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Keith Haring (1958-1990) painted this fanciful mural in 1986. Comprised of Haring’s signature kinetic figures and abstract forms in bold outlines the mural cautions youth against using  Crack, a highly potent, addictive, and dangerous form of smokable cocaine whose use reached epidemic proportions in the mid- to late 1980s.

Keith Haring was born on May 4, 1958 in Reading, Pennsylvania,   In the early 1980s, Haring first attained notoriety by using the methods of graffiti to literally make his mark on the City.  Creating a style which would soon become renowned worldwide, Haring “tagged” in chalk outlines buoyant interlocking bodies on the black poster mounts of New York City subway stations.  Throughout his career, Haring collaborated with many artists, deejays and dancers that emerged in the 80s hip hop scene notably, Angel Ortiz, a.k.a LA II, Juan Rivera, a.k.a. Juanito Xtravaganza, Jean Michel Basquiat, and Kenny Scharf.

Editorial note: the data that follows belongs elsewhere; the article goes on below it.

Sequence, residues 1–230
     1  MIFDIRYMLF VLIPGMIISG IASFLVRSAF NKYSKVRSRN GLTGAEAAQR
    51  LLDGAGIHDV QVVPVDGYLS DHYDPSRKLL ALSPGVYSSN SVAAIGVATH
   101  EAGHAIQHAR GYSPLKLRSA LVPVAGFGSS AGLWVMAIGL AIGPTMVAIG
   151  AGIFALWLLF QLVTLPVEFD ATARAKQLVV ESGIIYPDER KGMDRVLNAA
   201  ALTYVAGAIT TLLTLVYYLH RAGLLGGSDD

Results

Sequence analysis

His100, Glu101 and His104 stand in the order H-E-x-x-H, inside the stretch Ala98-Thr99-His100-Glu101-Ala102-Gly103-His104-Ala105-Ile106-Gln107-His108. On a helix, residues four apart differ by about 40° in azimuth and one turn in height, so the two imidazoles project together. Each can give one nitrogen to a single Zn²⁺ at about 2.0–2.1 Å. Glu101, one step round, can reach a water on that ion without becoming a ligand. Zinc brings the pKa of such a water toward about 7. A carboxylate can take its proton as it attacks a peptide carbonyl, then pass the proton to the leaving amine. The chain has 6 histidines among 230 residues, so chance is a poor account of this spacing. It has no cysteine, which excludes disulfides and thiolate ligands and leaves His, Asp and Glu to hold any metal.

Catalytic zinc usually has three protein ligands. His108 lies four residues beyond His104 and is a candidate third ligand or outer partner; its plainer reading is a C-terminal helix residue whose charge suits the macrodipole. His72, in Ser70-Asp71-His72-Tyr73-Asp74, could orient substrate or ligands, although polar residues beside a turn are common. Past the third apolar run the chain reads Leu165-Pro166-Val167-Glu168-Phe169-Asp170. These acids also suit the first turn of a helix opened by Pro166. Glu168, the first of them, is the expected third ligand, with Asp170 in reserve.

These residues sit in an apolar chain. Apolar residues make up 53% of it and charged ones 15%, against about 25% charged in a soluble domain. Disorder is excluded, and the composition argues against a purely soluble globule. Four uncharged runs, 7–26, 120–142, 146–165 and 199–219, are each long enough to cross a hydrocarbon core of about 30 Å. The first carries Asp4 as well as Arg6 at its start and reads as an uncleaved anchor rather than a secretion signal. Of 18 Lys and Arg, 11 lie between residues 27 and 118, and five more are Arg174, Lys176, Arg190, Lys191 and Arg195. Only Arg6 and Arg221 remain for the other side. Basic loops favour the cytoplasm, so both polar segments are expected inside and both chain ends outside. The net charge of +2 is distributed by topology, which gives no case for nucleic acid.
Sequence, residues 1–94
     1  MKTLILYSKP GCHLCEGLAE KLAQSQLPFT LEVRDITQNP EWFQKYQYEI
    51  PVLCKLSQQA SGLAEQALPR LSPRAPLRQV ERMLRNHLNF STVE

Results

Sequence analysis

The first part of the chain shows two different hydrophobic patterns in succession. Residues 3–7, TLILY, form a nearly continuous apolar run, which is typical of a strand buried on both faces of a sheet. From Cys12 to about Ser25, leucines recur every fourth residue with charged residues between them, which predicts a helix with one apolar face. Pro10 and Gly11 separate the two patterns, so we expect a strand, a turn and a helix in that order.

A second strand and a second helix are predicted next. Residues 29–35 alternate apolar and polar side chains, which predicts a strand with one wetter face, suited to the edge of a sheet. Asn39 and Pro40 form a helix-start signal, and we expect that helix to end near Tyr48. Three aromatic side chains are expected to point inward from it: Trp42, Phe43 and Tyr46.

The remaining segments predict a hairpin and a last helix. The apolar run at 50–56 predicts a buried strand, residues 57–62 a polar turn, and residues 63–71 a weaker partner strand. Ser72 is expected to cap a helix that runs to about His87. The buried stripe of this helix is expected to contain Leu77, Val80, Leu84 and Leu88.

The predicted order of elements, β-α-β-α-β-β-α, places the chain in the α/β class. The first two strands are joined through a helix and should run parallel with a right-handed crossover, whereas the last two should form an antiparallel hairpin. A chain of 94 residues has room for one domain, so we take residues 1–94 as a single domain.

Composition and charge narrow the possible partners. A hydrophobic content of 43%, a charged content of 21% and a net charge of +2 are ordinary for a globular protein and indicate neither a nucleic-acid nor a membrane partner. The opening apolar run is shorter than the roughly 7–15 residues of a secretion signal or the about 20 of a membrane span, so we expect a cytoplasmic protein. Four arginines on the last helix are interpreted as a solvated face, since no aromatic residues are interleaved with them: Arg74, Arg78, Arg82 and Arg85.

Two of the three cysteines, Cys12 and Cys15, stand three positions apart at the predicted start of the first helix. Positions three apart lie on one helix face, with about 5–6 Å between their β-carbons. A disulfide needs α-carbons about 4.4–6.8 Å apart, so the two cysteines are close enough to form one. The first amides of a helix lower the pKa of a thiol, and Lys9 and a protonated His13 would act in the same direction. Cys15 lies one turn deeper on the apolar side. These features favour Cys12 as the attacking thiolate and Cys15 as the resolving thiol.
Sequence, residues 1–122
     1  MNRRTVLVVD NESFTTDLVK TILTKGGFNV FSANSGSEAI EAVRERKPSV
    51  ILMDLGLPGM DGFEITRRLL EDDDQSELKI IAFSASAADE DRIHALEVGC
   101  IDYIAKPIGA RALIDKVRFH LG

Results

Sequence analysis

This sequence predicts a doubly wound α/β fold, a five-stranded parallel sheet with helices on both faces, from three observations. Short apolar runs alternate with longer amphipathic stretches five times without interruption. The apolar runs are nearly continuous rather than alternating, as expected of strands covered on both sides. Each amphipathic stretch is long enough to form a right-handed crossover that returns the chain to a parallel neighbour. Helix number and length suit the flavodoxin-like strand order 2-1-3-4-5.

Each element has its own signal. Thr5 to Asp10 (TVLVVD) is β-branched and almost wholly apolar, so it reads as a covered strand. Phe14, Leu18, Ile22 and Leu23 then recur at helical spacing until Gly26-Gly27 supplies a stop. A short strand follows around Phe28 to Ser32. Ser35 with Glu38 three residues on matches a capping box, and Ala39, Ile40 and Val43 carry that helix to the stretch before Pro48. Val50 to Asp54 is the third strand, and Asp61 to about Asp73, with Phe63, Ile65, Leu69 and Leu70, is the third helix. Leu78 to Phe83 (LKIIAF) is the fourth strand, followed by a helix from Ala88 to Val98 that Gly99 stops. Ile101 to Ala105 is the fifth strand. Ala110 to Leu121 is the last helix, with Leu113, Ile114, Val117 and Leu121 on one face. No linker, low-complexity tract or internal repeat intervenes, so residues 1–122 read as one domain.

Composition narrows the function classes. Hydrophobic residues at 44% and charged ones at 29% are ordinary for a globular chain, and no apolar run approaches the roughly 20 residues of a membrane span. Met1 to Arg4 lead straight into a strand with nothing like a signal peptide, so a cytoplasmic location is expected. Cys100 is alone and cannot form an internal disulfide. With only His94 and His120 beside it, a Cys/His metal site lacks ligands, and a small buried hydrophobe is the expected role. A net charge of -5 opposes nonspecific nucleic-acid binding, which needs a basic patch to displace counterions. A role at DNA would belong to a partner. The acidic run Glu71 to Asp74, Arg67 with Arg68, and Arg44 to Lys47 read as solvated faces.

Keith Haring died of AIDS on February 16, 1990.  Not yet 32 years old, he left a legacy of art that was popular on a universal level and garnered widespread critical acclaim. His vocabulary of images – such as the radiant child and barking dog – soon became instantly recognizable.   A foundation in his memory was established, which continues to support the organizations he championed such as “Learning Through Art” and “Doing Art Together,” two programs which brought art to schools.  The Crack is Wack mural is a lasting reminder of Haring’s art, which first arose in public spaces and continues to instruct and inspire through its wit and vibrancy.

 

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